18 ELR 20046 | Environmental Law Reporter | copyright © 1988 | All rights reserved
United States v. Union Gas Co.No. 85-1177 (3d Cir. November 3, 1987)
The court rules that the Eleventh Amendment does not bar a private suit in federal court against a state for monetary damages arising under the Comprehensive Environmental Response, Compensation, and Liability Act (CERCLA) as amended by the Superfund Amendments and Reauthorization Act of 1986 (SARA). The Eleventh Amendment bars such suits unless the state has consented to suit or unless Congress has unmistakably expressed its intention to abrograte the Eleventh Amendment's protections. In an earlier pre-SARA opinion in this case, 16 ELR 20818, the court had ruled that the Eleventh Amendment bars such suits under CERCLA. The court now rules that SARA § 101, amending the definition of "owner or operator" in CERCLA § 101(20) by adding a new paragraph (D), provides the unmistakable congressional expression of intent to abrogate the Eleventh Amendment. The new text requires that in general a state "shall be subject to the provisions of this Act in the same manner and the same extent" as any nongovernmental entity. Moreover, this is similar to the language Congress used to waive the federal government's sovereign immunity. Although normally mere enumeration in a definitional section remains insufficient to abrogate the Eleventh Amendment, here the language is not definitional in character. The new waiver of the federal government's sovereign immunity in CERCLA § 120(a)(1) provides that the explicit waiver provided there is not intended to affect the liability of other entities under CERCLA. That the waiver does not appear in the section of CERLCA creating liability, a factor in determining whether the congressional expression is sufficiently clear, is not a concern here since the new language itself is so clear.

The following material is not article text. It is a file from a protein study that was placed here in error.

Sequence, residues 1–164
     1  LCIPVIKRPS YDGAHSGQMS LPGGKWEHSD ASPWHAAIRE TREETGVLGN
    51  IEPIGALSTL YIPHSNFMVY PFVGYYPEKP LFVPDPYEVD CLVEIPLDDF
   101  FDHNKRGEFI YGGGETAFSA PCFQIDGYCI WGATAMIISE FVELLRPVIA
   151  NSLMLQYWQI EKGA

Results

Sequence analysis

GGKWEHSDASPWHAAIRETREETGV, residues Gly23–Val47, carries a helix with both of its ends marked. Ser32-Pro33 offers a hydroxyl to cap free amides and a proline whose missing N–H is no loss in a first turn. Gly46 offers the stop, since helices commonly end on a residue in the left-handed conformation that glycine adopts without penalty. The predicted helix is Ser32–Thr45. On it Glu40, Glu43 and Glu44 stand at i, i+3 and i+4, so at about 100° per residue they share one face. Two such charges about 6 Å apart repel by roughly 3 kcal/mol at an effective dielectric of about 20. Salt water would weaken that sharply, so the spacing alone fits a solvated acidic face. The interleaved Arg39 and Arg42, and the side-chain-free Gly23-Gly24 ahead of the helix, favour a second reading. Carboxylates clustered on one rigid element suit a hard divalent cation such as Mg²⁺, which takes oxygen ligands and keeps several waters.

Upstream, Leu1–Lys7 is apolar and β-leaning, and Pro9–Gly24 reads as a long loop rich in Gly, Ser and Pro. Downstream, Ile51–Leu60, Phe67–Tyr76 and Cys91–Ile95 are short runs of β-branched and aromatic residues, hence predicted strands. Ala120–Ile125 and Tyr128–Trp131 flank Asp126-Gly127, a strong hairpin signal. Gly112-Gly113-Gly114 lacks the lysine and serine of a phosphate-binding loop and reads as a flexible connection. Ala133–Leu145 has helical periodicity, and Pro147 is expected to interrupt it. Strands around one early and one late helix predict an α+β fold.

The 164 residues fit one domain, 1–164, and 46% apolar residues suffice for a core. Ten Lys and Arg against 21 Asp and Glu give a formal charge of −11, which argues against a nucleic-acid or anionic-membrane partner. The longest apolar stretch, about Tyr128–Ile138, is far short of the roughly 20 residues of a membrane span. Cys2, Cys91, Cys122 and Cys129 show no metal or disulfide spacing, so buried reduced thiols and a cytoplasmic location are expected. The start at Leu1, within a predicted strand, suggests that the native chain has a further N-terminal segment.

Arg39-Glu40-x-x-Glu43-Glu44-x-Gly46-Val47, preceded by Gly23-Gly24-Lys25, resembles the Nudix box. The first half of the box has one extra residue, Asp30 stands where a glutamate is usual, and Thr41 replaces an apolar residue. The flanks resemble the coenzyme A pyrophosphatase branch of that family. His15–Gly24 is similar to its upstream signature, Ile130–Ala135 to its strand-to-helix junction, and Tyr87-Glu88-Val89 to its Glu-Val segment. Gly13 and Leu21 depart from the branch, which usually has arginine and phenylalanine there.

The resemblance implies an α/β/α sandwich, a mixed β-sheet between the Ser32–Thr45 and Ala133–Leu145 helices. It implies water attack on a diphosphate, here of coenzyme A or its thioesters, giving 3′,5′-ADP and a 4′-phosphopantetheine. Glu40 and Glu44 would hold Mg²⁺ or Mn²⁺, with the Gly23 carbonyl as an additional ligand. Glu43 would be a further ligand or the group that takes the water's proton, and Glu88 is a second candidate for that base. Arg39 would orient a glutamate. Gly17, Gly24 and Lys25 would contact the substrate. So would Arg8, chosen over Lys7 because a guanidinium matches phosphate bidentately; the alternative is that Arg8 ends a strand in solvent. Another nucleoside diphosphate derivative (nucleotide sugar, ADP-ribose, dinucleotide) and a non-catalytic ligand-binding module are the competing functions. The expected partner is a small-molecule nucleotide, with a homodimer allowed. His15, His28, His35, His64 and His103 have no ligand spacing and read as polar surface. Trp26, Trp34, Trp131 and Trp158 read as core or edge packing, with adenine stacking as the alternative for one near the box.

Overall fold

CERCLA's new citizen suit provision, § 310(a)(1), expressly prevents abrogation of Eleventh Amendment immunity for citizen suits, and by implication Eleventh Amendment immunity is abrogated elsewhere. Because the statutory language is clear, SARA legislative history is unnecessary to resolve this issue. Nonetheless, the conference report supports the court's reading.
The court next rules that Congress can act pursuant to its powers under the commerce clause of Article I of the Constitution to abrogate Eleventh Amendment immunity. Congress is not limited to acting under amendments passed after the Eleventh Amendment. The court notes that the Supreme Court has never directly addressed the issue of whether Congress can abrogate the Eleventh Amendment under its commerce clause powers. Nonetheless, the court rules that the Constitution must be read in light of the entire document, not on a timeline, and the Article I commerce clause powers are sufficient to enable Congress to legislate in ways that limit states. The Eleventh Amendment was not intended to limit Congress' Article I powers; rather it limits the courts' powers under Article III to abrogate the state's presumptive immunity from diversity suits. Such an arrangement is sensible because it limits only the unelected judiciary, and this is also the effect of requiring a clear statement of congressional intent rather than relying on judicially found inferences. Congress, unlike the judiciary, is restrained by the political process as it acts under the commerce clause. Moreover, the very structure of the federal scheme requires that states have relinquished sovereignty where the Constitution has provided Congress a plenary grant of authority.
Finally, the court finds that SARA's changes to CERCLA retroactively abrogate the Eleventh Amendment. The general rule is that a court of appeals applies the law as it is in effect at the time of its appellate decision. SARA has in effect increased the jurisdiction of federal courts over states, and this is treated like all other changes of law on appeal. The court observes in a footnote that the legislative history of SARA suggests that Congress had intended to abrogate Eleventh Amendment immunity when it originally enacted CERCLA.
Related opinions in this case appear at 14 ELR 20246, 20491, and 16 ELR 20818. This issue is analyzed in articles at 14 ELR 10156 and 17 ELR 10197.]
Counsel for Appellant
Robert A. Swift, David H. Marion
Kohn, Savett, Marion & Graf
2400 One Reading Center, 1101 Market St., Philadelphia PA 19107
Lawrence A. Demase
Rose, Schmidt, Chapman, Duff & Hasley
900 Oliver Bldg., Pittsburgh PA 15222
Counsel for Appellee
Leroy S. Zimmerman, Attorney General; Andrew S. Gordon, Chief Deputy Attorney General
Chief, Litigation Section
Office of the Attorney General, 15th Fl., Strawberry Square, Harrisburg PA 17120
Counsel for Amicus Curiae
Elaine Gail Suchman, Ass't Attorney General; Robert Abrams, Attorney General
State of New York, Department of Law
Environmental Protection, 120 Broadway, New York NY 10271
Before Weis & Higginbotham, JJ.
[18 ELR 20047]